My parents taught me to read when I was 5 years old. I had not yet begun kindergarten and was already a ready-reader.Somewhere between 1991 and 2001, I decided to stop reading. I was not a bad reader, I could read aloud and understand the characters in the text, but I hated books.
However, I loved video games, something some parents would often see as a crime against the literary world.
The first game I remember playing was by the Sierra software company called “King’s Quest.”
It was a 16-color adventure story of King Graham and his journey through the kingdom of Daventry and his perils of giants, princesses and elves.
This may sound far-fetched, but the catch for teaching reading, writing and spelling came in the control of the character.
With the exception of a four-direction keypad, the means of discovery and success in this mystic world came from typing queries at an alarming speed.
For instance, walking up to a hollowed-out log required the following steps executed with perfect typography and an entertaining back and forth battle with the program:
Me: Look in log.
Computer: There is a glimmer of gold in the log.
Me: Grab gold in log.
Computer: You cannot “grab gold”… at least not now.
Me: Take gold.
Computer: You took the gold.
Not only did I learn to type sentences and use deductive logic to crack the code of the computer, but I also learned how to plunder goods from old tree stumps.
Early 1990s’ technology rules.
Back to the point of relevance and how gaming has kept me from being a mouth-breather molded into a sofa.
This game taught me problem solving and spelling by age 6. By the time I was in second grade, I had already beaten “Legend of Zelda: A Link to the Past” – a task not easily undertaken by most elementary schoolers. It is a game chock-full of puzzles, story lines, intrigue and deceit.
The catch however, was that I had to read text throughout the entire game, while etching mental maps of the 16-bit landscapes.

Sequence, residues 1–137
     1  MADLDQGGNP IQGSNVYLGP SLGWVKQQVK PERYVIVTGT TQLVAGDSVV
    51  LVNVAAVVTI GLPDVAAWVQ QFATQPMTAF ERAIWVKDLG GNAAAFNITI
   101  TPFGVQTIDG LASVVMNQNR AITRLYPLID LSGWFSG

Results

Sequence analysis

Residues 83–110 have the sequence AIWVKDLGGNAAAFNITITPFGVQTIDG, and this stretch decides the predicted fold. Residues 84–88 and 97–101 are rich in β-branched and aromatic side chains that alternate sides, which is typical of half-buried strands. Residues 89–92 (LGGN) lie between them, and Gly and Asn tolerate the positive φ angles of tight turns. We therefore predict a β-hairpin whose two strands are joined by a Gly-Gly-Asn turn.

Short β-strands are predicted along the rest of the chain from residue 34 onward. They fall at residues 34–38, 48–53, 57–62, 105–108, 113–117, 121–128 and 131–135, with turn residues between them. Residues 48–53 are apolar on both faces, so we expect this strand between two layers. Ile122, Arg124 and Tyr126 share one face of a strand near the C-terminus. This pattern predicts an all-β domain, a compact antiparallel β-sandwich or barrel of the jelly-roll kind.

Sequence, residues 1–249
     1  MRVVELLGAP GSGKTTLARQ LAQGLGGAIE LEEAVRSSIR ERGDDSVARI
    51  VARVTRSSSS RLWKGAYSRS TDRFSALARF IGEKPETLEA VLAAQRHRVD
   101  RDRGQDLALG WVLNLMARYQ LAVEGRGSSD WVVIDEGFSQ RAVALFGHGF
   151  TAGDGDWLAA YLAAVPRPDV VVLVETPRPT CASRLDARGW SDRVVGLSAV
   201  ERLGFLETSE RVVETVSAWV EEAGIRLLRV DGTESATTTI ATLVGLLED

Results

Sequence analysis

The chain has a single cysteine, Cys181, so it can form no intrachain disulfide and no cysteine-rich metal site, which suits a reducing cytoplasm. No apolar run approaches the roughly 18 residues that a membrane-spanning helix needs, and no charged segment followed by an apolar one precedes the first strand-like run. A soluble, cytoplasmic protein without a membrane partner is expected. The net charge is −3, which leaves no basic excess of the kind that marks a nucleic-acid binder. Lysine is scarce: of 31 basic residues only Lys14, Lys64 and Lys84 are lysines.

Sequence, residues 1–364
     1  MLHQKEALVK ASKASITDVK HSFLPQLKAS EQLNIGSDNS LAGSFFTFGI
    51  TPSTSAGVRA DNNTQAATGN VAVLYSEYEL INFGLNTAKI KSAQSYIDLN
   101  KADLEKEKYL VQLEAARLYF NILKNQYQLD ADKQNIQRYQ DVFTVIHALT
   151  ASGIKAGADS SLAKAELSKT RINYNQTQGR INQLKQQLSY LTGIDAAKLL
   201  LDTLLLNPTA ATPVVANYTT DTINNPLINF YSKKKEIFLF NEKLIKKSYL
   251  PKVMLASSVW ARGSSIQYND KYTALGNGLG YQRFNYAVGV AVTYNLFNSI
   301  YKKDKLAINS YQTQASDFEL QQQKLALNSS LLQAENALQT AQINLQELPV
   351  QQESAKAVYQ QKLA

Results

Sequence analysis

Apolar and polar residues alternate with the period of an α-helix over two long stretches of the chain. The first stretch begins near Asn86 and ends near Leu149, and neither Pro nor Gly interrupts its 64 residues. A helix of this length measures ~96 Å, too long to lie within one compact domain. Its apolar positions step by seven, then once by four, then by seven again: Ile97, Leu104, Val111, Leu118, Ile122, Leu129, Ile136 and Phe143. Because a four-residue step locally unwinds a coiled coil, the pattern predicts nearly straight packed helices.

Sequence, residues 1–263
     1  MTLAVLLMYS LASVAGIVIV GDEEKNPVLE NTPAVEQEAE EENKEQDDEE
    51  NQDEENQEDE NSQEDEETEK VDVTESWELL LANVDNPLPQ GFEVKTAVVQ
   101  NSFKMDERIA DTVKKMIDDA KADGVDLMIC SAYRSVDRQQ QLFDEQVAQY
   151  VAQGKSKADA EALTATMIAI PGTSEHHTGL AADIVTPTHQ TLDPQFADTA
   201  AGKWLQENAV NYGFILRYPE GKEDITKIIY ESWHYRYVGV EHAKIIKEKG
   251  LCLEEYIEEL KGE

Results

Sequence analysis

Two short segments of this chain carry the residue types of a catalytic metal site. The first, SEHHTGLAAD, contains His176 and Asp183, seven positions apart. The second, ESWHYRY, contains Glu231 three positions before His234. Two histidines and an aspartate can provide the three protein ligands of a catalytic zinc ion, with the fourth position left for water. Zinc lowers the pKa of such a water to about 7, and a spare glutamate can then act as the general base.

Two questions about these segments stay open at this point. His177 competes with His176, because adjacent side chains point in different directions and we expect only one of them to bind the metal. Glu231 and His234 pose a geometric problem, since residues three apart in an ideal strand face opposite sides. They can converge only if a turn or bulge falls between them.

The idea is simple for an older gamer, since memorization of pathways and mapping becomes a requisite with driving, but for an 8-year-old, that’s not always the case.
I managed to develop puzzle skills from games and dissect stories that were more involved than some of the assigned texts of the second grade – sorry Ms. Wenner, but “Mr. Poppers’ Penguins” was not nearly as entertaining as “Kings’ Quest” or “Zelda” or the grandfather of intelligence gaming: “The Zork Anthology.”
“Zork” fell into a world of it’s own. It had no images, no directional control, no suggestive help; it only hinged on imagination. The program came on 3.25 inch disks and a typical “level” or screen would look like this:
“You are standing in a house. There is an open window to your left where you can see the sun setting on the horizon. To your right is a cabinet with fine china inside it, behind you is nothing. Where do you wish to go?”
The safe road is to look inside the cabinet for a clue, the more aggressive method is to leave the house, but some people wish to look behind and see what is in the nothingness.
“Go backward and look around.”
The computer then gives a preachy moral to the short-lived adventurer’s tale.
“You have stepped back into oblivion, when we said ‘nothing,’ we meant nothing, try again.”
Zork taught imagination, attention to detail and how to create a world based on words. It was similar to books in that aspect, but I could control the character.
Perhaps the “Choose Your Own Adventure” series would have been fitting for me, but the allure of sitting at a computer dictating my destiny made me feel superior.
So take this situation in your life: You have a door in front of you that is open to a cornfield, a staircase to your left leading to the second floor and a bookshelf to the right of you.
(Hint: the bookshelf guards a secret passageway)
Both books and video games can teach, but before discounting one, take time to consider the other.
Associate editor Marcus Murphree is a senior news-editorial journalism major from Beaumont.